“There are some ideas so absurd that only an intellectual could believe them.”

That’s not something Orwell said or wrote, but is often attributed to him because of the power of his insight.

Orwell’s insight comes to mind because of the Biden-Harris administration’s implicit adoption of what’s called Modern Monetary Theory, which holds that “deficits no longer matter”.

Lockdown-Led Big City Exodus: An Economic Boost to Small Towns?

Smaller cities and bigger towns in the heart of America are seeing a considerable influx of new residents, and with this, we should soon expect to see a boost in their economies as well. But while there is enough data to support the notion that Americans in large cities like New York City and San Francisco are moving to smaller metros, legacy media is resisting it, choosing to, instead, deny that the government-led interventions prompted by covid-19 have hurt Americans enough to force them to flee. 

But despite their attempt to ignore the economic reality of a large portion of the urban population, the economic downturn brought by the lockdowns forced some people to rethink their living arrangements. 

Bobby Kennedy, Joe Biden, and the Fallacy of Shaw’s Serpent

The progressive U.S. Senator and presidential aspirant Robert (“Bobby”) Kennedy campaigned successfully during the 1960s on the strength of a line pinched from the playwright George Bernard Shaw (Back to Methuselah, 1921): “You see things; and you say ‘Why?’ But I dream things that never were; and I say ‘Why not?’” These hypnotic words were uttered by the Serpent in the socialist playwright’s Garden of Eden.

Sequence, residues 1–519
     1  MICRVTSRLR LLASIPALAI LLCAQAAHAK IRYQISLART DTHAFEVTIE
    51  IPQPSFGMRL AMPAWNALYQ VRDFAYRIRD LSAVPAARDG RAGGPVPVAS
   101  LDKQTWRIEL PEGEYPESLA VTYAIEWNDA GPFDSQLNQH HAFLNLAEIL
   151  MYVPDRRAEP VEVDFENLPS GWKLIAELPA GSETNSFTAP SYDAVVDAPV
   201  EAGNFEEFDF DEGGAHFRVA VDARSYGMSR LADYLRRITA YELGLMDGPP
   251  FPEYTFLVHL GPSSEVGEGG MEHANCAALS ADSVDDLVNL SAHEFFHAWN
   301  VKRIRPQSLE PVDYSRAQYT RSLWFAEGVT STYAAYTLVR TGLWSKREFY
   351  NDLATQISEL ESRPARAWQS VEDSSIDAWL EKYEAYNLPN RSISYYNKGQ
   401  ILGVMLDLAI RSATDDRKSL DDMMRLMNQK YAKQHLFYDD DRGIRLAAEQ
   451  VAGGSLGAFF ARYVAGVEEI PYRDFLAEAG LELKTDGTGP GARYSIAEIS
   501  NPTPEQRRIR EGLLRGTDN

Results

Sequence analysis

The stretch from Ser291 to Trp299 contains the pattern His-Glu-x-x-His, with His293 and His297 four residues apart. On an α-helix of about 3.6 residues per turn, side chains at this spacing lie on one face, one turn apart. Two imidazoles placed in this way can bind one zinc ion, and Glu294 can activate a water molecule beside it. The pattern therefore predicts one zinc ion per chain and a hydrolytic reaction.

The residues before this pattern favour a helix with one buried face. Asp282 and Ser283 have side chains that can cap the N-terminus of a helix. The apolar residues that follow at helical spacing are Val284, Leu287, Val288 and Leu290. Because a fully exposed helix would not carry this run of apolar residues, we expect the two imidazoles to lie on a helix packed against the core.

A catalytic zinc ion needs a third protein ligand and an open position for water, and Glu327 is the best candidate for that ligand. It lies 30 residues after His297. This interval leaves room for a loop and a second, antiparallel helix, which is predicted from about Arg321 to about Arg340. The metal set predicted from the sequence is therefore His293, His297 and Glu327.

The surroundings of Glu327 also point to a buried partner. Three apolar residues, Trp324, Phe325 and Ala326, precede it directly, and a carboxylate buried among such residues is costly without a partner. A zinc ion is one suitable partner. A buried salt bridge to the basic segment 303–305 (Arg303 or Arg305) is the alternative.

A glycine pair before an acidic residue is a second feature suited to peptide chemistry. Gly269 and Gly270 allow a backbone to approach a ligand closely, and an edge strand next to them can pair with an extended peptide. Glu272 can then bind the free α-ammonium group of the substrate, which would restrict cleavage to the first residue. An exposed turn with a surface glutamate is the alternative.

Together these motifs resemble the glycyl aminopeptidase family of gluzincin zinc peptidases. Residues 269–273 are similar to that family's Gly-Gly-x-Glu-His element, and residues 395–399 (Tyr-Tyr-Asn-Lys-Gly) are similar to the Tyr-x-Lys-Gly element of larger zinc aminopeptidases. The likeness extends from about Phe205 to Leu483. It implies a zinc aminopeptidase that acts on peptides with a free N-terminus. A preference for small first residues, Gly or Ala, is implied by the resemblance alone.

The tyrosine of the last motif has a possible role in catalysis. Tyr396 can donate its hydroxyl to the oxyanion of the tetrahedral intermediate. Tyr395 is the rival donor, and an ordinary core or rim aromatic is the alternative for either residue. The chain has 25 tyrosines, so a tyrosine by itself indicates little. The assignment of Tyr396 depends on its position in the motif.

Progressive politicians who seek to “perfect” individuals and societies by governing in this cavalier manner succumb to the fallacy of Shaw’s Serpent. The proof of fallacy is revealed in the thick history of failed utopian attempts to govern as if individuals and societies were as malleable in fact as they are in political theory. Such attempts have condemned hundreds of millions of ordinary individuals to lives of abject misery and desperation.

Fed Chief Says U.S. on Unsustainable Fiscal Path

Do the U.S. national debt and the government’s budget deficits matter?

If you listen to the economists shaping the Biden administration’s policy agenda, they say they do not. Their basic argument is that with interest rates so low, the government can borrow as much as politicians want to spend. They think they never have to worry about paying the debt.

Progressivism’s Life Cycles

Political and social experiments come and go like the seasons. Grand ideas for perfecting humanity flare, run their course, and then pass away, leaving behind only their smiles, wreckage, unpaid bills, and national catharses. Glorious summers of impossible, something-for-nothing progressive promises are followed by discontented winters of squandered opportunities for restoring eternal, classical-liberal values. Radical social experiments, whose outcomes routinely fall short of their intentions, fail in part because of their dead weight, and partly because postmodernist individuals balk at the social coercion that gives progressivism its traction.

  • Catalyst
  • MyGovCost.org
  • FDAReview.org
  • OnPower.org
  • elindependent.org